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Facing up to fear, reclaiming hope

04 December 2015
Facing up to fear, reclaiming hope

The disruptive forces of technological change, globalisation and migration lead many voters to seek comfort in conservative and rightwing populist offers. At the same time, new political forces have emerged in the European left challenging established social democratic parties and claiming the moral high ground. This week, Policy Network publishes a series of essays which explore how progressives can adjust to the new realities of politics in this ‘high-risk, high-opportunity’ era.

Peter Mandelson warns that centre-right parties have benefited by default as a result of a failure among progressives to respond to the “new political and economic circumstances that we have been confronted with since the financial crisis”. In Germany, for instance, Angela Merkel coasted to power by "‘out SPDing’ the SPD". With the mainstream orthodoxy now discredited, he argues that progressives must discover “a new alignment between [themselves] and the mass of voters, and a genuine new, but credible, authenticity”, if they are to restore their electoral base.

Sara Hobolt and Catherine de Vries examine the recent successes of new “challenger parties” across Europe. These parties, they argue, have flourished because they “give a clear voice to … discontent with the political establishment”. Centre-left parties are particularly susceptible to this threat because they are compelled to present themselves as fiscally responsible and economically liberal enough to gain credibility. At the same time they cannot simply “abandon their core constituencies, who often fear globalisation, Europeanisation and immigration”.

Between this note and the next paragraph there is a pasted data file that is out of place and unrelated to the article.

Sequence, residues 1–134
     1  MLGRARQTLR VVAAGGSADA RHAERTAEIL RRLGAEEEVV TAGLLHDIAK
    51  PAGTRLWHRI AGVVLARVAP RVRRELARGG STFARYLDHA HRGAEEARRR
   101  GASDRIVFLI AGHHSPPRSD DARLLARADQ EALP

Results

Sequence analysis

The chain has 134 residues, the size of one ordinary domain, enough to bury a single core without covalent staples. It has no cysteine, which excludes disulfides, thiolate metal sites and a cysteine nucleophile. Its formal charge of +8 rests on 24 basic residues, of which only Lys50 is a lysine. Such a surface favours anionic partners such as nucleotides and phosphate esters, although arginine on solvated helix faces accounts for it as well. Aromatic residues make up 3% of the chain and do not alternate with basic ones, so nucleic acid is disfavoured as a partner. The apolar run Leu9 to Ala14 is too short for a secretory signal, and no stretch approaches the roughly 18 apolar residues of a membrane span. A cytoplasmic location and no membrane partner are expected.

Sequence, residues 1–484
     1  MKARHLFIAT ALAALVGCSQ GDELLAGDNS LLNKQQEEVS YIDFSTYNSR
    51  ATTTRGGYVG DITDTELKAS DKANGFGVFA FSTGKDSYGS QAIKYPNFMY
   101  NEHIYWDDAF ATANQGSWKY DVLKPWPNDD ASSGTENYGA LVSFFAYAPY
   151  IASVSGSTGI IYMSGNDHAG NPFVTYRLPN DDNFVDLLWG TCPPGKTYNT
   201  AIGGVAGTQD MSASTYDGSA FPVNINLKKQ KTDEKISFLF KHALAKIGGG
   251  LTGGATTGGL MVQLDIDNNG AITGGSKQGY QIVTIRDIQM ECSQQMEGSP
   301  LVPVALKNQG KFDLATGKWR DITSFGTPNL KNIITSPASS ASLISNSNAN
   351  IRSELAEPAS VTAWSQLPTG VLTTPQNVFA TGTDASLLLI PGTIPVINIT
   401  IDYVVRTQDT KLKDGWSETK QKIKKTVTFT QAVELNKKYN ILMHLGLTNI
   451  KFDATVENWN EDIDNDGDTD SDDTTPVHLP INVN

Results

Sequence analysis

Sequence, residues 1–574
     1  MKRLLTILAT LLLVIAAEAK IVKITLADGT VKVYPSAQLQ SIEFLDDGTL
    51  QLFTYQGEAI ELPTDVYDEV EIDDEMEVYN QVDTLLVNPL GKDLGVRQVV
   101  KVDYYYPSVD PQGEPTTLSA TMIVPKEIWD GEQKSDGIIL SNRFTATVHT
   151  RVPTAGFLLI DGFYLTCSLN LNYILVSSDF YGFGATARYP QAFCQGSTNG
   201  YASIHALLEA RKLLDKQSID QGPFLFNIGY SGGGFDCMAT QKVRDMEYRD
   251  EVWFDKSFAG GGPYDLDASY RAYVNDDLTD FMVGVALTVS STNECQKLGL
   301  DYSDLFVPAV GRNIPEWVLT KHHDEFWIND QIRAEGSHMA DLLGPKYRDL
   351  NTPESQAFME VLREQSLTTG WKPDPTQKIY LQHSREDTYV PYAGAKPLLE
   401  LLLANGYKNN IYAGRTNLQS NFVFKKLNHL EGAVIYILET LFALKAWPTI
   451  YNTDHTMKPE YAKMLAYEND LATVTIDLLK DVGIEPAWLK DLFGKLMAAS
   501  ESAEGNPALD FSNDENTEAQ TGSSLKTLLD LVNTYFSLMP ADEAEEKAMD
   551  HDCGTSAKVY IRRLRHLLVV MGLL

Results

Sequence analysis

Frank Stauss argues that there are understandable and unsurprising anxieties in the context of the digital revolution. Stauss invites us to see “a world in motion” as an opportunity rather than a threat: “we have proven in the past that the change progressives stood and stand for always was and is a change for the better … I am sure that the majority of people would rather follow a path of hope instead of a path of fear”.

Former finance minister of Chile Andrés Velasco also seizes on a need for optimism among progressives in Europe. He explains how Latin American progressives have averted two dangerous assumptions: first, that to be on the left after the financial crisis “means taking a somewhat anti-capitalist stance”; second, “that society is divided between a socially conservative working class and a liberal professional class”. These falsehoods, he argues, have coloured the debate in Europe to the detriment of the left.

This collection of essays contributes to a programme of high-level policy and political seminars held in Berlin, Oxford and Paris earlier this year. Partners have included the Friedrich-Ebert-Stiftung, the SPD, the Fondation Jean-Jaurès, the Center for American Progress and the Foundation of European Progressive Studies (FEPS).


by PETER MANDELSON
Good PR is not enough. 'New politics' needs new ideas and new policies in order to face up to the fresh challenges we face
by SARA HOBOLT & CATHERINE DE VRIES
Issue entrepreneurship and issue flexibility are enabling new challenger parties to outmanoeuvre the historically dominant mainstream
by FRANK STAUß
At a time of widespread anxiety it is the responsibility of progressive leaders to promote a message of hope over fear
by ANDRÉS VELASCO
The Latin American centre left has been able to craft an alternative approach that avoids the gloom and doom observed in Europe

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